Life is made in Heaven, but so is thunder and lightning. There were more than 100 million volts in the lightning bolt. There were 120 volts waiting in the wires to light up North Rustico in the morning. When the arm got over the shock, it reached for Becky. It didn’t like what it found. It reached the other way. It fought to dig its way out.

   If I ever get my fingers on the neck of the killer, I will have my revenge, the arm thought. It wouldn’t look for the right time and the right place. It would spring and squeeze the life out of who had done the evil act the second it found him. The arm’s revenge would be vigilante justice, plain and simple.

   Becky wanted to tell her arm to settle down and lay low. She wanted to say revenge was for the living, who might find satisfaction in it, but not for the dead. She wanted to say don’t bother on my account but couldn’t get the words out.

   There were more firebolts. There were more thundercracks. Wood ducks and Canada geese hunkered down. Lightning bugs in the weeds stayed where they were. A hard rain fell.

   As the arm broke through the ground its spurt of energy died away. It stopped in its tracks and made a fist around the loonie in its hand. The killer was going to pay, the arm vowed. It struggled to form an image of the man with the axe. It was the arm’s last thought. It was the end of the last living part of Becky.

   She thought it was better that way. She didn’t want to be cut off from herself. She was on her way somewhere and wanted to get there in one piece. If it was Hell, she would give the Devil a piece of her mind. If it was Heaven, she would bite her tongue and get through the pearly gates as fast as she could.

   Even though it was the witching hour, all the dark things in the trees and in their burrows and bedrooms stayed asleep. There was a silence that wasn’t entirely quiet. There were some sounds in the tiny gaps. A fox snapped awake in his den, made sure the kits were all right, and tried to work out what he thought he had heard. He couldn’t make out if it was real, or not.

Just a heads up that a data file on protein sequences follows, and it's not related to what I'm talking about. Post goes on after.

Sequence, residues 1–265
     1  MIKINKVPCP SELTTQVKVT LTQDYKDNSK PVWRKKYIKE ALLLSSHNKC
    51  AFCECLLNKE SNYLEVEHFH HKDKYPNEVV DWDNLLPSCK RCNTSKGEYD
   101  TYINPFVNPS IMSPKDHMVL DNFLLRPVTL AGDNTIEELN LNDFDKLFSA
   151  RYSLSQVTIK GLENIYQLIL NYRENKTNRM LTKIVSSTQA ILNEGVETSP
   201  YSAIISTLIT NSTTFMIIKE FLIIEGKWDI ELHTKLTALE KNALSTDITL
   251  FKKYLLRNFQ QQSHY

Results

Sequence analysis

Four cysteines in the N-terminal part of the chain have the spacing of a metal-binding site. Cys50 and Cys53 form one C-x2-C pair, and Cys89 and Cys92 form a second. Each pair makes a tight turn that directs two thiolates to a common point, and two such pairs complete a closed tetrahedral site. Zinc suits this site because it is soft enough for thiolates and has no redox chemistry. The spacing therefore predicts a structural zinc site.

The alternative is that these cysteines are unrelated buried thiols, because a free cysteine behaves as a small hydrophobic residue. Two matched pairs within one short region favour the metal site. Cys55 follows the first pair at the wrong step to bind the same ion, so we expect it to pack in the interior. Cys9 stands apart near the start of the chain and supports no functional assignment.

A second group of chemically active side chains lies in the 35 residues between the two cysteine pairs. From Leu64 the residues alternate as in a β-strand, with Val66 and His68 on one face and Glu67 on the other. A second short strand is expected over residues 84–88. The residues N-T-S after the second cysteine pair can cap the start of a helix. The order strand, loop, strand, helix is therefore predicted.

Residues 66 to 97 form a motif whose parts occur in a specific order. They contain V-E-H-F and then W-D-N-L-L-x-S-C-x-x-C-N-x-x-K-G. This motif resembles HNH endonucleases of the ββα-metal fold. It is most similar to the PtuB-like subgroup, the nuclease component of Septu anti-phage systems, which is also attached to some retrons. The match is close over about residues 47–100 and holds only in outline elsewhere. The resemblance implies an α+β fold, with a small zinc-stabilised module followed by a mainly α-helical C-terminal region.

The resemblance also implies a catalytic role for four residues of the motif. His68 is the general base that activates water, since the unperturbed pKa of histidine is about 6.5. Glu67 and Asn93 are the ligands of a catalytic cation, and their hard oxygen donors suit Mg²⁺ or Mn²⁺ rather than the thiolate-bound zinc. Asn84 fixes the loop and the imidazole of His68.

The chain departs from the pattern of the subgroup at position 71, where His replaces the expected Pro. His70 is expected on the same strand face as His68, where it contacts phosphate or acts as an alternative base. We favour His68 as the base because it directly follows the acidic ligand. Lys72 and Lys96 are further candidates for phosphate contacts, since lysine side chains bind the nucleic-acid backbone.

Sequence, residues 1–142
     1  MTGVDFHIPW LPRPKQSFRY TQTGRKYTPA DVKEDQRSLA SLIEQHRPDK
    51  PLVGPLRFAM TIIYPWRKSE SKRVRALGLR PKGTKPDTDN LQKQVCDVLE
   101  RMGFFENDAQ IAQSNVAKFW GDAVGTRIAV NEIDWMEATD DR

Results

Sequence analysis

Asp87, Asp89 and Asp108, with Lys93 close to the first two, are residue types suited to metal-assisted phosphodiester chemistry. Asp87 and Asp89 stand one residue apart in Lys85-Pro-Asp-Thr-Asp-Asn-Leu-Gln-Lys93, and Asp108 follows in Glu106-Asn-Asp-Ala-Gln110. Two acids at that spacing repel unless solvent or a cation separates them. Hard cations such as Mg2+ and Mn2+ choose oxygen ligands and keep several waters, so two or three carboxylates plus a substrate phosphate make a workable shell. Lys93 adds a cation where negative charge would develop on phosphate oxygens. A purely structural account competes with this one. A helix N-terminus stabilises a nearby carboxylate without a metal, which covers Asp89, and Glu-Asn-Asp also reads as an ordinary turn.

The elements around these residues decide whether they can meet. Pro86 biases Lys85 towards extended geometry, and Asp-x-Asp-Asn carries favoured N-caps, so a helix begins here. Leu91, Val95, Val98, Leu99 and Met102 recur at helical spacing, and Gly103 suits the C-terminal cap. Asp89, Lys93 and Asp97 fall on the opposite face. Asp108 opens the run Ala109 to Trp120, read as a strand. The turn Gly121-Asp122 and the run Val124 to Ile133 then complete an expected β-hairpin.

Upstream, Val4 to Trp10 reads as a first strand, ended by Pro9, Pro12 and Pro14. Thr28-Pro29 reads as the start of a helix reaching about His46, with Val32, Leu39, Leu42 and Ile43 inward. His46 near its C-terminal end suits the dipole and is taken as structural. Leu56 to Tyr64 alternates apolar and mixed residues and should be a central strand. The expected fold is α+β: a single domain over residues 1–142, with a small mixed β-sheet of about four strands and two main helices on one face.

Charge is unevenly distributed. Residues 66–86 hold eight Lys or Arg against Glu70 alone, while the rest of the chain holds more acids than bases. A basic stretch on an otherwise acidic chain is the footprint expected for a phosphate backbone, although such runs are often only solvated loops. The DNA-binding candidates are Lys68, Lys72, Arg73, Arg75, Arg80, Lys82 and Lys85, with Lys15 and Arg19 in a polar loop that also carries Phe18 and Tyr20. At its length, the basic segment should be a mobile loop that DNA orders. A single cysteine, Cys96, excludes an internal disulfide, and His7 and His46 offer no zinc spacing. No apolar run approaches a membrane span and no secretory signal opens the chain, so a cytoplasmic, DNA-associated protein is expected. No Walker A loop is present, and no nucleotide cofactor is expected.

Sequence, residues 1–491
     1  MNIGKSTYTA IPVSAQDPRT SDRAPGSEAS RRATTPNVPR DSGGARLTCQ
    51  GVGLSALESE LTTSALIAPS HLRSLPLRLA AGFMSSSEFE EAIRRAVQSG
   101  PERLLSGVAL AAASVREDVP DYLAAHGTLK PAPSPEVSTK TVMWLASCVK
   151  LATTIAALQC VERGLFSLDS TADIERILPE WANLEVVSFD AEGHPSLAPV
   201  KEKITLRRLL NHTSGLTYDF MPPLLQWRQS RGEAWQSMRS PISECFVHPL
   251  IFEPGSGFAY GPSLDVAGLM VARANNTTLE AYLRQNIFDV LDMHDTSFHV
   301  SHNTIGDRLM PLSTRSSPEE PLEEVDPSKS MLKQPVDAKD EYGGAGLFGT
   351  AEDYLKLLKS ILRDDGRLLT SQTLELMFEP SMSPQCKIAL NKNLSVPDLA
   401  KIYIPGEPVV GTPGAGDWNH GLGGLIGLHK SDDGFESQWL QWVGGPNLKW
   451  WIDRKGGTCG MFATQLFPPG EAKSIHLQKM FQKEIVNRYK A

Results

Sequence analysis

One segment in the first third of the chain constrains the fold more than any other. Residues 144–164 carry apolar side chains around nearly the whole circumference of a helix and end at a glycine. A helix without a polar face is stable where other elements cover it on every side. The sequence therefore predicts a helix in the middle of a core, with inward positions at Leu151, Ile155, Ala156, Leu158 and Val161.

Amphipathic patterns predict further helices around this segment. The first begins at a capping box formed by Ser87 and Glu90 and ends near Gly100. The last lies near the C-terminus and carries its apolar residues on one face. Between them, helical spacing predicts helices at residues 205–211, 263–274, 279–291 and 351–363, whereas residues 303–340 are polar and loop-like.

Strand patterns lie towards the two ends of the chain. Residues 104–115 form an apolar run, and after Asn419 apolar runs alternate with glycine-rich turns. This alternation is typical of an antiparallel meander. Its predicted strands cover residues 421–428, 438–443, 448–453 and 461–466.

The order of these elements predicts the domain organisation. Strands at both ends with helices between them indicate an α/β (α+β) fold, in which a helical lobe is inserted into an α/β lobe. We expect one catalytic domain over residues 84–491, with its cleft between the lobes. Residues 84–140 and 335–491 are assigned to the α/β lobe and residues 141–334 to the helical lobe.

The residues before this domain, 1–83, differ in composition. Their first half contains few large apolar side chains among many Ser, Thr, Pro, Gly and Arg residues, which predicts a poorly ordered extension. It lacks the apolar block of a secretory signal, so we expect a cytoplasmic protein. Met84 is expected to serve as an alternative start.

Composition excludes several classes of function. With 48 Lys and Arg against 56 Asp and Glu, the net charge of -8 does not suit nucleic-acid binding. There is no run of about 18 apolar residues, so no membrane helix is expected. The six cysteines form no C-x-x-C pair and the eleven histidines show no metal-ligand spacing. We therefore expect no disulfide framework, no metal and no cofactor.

The arm stiffened getting rigid fast and the briefcase handcuffed to its wrist fell to the side. The fox drifted back to sleep, making a mental note to take stock of his domain when he had a chance. A steady rain fell all through the night and most of the rest of the next day. It was only the day after that the fox was able to get out on his tour of duty. By then there wasn’t much to see. The fox went hunting mice and rabbits.

Blood Lines Chapter 8

  “Oy, where is that you are coming from?” William Murphy asked the pussycat going on tomcat at his feet. The half-pint was looking up at him. He had been in Thomas Spate’s coat pocket when Prince Albert’s hired gunman shot him dead. As the ferryman was spitting out his last breath, the cat jumped out of his pocket and scurried to the side. He watched Bill Murphy roll push kick Tom Spate into the Stanley River. He floated face down into the New London Bay.

   That was the end of Queen Victoria’s would-be killer, at least until he sank. When he did bottom feeders like eels would eat whatever was left of his decaying decomposing body. The cat had seen plenty of eels in his short time on Prince Edward Island. He knew what they were up to. It was why he never snacked on them.